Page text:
The Southern Ocean -- unleashed High seas, high winds and wave-swept decks provide sailors plenty of stories

The Whitbread Watch

November 19, 1997|By Peter Baker | Peter Baker,SUN STAFF

Swedish Match continues to hold the lead in the Whitbread Round the World Race, and race headquarters has predicted a Monday arrival in Fremantle, Australia.

"We are going like a Boeing, crashing around . . . with a top speed of 28.7 knots," Swedish Match skipper Gunnar Krantz reported by electronic mail yesterday. "Average speed is 19 knots and has been for about four hours. Finally all the young puppies on board now realize, on a W60, what the W stands for - wet, very wet."

But while Swedish Match was 306 miles ahead of second-place Innovation Kvaerner and 1,445 miles from Fremantle early today, the Southern Ocean is beginning to roar and gear is starting to break aboard boats from first to last place.

"Today the vang attachment on the boom broke. A high-tensile steel pin with a diameter of 17 mm just sheared off," Krantz reported yesterday. "Next was the quadrant on the rudder stock. It [shifted] and all of a sudden the steering was very sloppy."

Both problems were fixed, he said, and Swedish Match was able to average nearly 20 knots for several hours until a spinnaker sheet parted and the sail was wrecked as it was recovered.

Krantz said Swedish Match is heading deeper into a stormy low pressure system to maintain speed and keeping a close eye on the barometer.

"The barometer . . . it drops like it hit the wall," said Krantz, who reported 35 knots of wind and extremely rough seas. "Tonight [Tuesday] it can be a lot of wind."

George Caras, director of operations for Commanders' Weather, the race weather office, said all nine boats can expect rougher weather as early as today.

"They are all so far south [48 to 50 degrees latitude] that they have to be careful they do not get damaged by 40- or 45-knot gusts," Caras said. "I would think that [today] there is a reasonable chance for those boats to be hit by at least 35- to 40-knot winds."

During the weekend, Innovation Kvaerner hit a whale, damaged its bow and slowed for 20 hours to make repairs. As the crew was completing that job, a rogue wave broke aboard the Norwegian entry, swept away all the starboard stanchions and the starboard steering wheel - and caused the boat to crash through a tack.

"After some struggle we got her back on track again," skipper Knut Frostad said. "No one was injured. Now the steering wheel is back on and we are sailing full speed again - but what a night."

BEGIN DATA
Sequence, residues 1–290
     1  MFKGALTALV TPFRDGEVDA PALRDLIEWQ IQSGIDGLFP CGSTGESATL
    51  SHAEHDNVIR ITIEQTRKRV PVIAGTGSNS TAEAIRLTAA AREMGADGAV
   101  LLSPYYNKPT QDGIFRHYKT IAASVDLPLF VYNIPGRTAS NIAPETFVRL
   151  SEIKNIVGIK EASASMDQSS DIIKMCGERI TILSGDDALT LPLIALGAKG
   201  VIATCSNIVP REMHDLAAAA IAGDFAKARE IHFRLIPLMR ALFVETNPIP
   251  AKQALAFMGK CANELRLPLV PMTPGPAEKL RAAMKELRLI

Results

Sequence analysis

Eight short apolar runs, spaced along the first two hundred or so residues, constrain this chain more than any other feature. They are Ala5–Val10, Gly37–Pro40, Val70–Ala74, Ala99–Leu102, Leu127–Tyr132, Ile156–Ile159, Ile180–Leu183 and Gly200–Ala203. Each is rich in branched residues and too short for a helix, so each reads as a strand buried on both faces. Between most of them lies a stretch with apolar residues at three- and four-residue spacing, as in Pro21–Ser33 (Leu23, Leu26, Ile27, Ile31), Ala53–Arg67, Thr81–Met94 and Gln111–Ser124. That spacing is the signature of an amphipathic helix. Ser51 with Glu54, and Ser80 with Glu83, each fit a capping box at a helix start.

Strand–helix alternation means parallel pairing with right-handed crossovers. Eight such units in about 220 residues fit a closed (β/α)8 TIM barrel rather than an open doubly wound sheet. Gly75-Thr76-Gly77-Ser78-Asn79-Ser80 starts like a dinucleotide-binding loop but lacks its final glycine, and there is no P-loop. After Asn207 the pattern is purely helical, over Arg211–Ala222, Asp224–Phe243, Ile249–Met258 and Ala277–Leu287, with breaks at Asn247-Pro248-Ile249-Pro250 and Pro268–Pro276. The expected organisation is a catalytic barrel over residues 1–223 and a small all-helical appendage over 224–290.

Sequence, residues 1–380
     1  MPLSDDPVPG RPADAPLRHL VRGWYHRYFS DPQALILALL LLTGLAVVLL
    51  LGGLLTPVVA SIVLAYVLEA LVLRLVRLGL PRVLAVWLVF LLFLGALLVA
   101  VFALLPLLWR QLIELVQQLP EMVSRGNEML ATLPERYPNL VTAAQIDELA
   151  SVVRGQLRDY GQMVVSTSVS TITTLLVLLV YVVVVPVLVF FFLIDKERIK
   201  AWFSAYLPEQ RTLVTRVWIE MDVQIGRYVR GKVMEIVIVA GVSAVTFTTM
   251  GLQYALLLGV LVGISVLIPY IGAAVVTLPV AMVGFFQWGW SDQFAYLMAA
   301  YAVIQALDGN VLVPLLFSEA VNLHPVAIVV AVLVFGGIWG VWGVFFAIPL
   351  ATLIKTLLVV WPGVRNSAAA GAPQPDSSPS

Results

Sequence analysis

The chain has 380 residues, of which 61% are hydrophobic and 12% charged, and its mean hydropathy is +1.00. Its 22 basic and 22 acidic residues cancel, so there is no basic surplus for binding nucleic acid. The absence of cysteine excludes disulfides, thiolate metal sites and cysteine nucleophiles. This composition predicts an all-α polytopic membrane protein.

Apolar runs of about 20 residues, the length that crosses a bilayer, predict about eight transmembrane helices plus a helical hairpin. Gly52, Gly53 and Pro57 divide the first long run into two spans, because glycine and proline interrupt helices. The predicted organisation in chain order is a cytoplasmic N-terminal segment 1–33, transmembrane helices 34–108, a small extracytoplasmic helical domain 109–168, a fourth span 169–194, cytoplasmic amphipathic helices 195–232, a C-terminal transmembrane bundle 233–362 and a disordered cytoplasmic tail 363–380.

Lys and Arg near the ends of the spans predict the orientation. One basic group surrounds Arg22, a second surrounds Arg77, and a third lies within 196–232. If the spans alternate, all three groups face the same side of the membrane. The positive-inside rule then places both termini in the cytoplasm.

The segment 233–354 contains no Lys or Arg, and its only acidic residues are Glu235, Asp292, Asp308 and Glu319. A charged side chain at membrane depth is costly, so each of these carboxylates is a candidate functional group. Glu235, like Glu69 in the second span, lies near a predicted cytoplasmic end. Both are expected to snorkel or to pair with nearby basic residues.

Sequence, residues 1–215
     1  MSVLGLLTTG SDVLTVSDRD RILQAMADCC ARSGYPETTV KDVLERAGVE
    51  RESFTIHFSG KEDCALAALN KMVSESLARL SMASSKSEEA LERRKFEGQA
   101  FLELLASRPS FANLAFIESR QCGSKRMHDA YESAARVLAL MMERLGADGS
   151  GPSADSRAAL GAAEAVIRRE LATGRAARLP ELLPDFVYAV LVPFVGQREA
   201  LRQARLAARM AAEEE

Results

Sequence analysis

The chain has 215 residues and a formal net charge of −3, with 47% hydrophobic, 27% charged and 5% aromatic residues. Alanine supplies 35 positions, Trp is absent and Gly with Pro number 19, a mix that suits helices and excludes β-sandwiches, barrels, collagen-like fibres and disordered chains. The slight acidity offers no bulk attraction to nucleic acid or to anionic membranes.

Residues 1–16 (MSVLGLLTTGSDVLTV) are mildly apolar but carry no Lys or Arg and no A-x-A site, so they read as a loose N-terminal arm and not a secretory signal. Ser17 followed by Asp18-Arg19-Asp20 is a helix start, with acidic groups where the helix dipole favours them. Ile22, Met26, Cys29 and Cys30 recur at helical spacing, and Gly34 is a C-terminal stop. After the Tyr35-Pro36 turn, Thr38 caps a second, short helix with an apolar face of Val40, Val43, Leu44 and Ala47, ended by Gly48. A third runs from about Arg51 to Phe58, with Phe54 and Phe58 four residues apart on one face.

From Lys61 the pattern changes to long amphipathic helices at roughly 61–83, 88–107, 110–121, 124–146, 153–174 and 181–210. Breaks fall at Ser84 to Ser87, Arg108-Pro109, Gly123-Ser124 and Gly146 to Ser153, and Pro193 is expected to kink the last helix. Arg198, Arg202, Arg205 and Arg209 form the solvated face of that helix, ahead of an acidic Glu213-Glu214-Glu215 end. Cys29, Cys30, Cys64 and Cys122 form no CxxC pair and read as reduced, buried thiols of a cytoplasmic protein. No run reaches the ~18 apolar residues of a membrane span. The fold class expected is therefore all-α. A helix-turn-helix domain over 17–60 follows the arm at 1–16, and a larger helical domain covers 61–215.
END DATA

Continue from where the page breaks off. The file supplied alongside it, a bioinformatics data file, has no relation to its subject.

BrunelSunergy, the Dutch entry that has been in last place, reported winds over 30 knots Saturday, Sunday and Monday, a top speed of 30.3 knots, 18-foot seas, tons of water on deck and blowing out three headsails.

"BrunelSunergy was playing a U-boat sometimes," skipper Hans Bouscholte reported. "The feeling if you surf down a wave with 25-plus speed is incredible. On port and starboard nothing [but] two walls of water. . . . This is what most people are doing the Whitbread for: surfing in the Southern Ocean."

Toshiba, the U.S. entry now under skipper Paul Standbridge, is the farthest south in the fleet, sailing at about 50 degrees, and the night watch has been checking radar for icebergs.

Monday morning, with Toshiba making close to 20 knots in more than 35 knots of wind, the topmast backstay block "disintegrated" under heavy load and hit crewman David Blanchfield in the backside at "bullet speed." Blanchfield was not seriously injured, and Standbridge said it is a reminder of how tightly wound the rigs of the Whitbread 60s are.

"There is a fine line between going flat out and staying in control with no breakages," Standbridge said. Without breakages, he said, the weather forecast for the next several days might give Toshiba a chance to break its record 24-hour run of 434.4 miles set on the Atlantic Ocean last July.

Silk Cut, the British entry skippered by Whitbread veteran Lawrie Smith, completed 425.3 miles in 24 hours from 6 a.m. Sunday to 6 a.m. Monday, but then was swept stem to stern by a monster wave.

At the time, the crew had stacked 1,000 pounds of sails on deck to help trim the boat for high speeds and was making about 25 knots.

"A solid wall of water swept aft, dragging the sails hard enough to break off every stanchion on the side of the boat and leaving the sails hanging over the side," said Silk Cut navigator Steve Hayles. "This was a major situation as losing the whole lot meant losing the whole race."

The crew managed to recover the sails and patch the holes ripped in the deck when the stanchions were ripped away.

EF Language, with skipper Paul Cayard, also had several sails ripped loose by heavy seas, tearing away stanchions and pad-eyes. The Swedish entry was able to recover all but one, unspecified sail.

Swedish Match has begun to position itself for the sprint into Fremantle, and although the leader had lost some ground during the past couple of days, the stormy forecast for the next few days is expected to benefit the boats farthest east.

It could be a case of the rich getting richer.

Pub Date: 11/19/97

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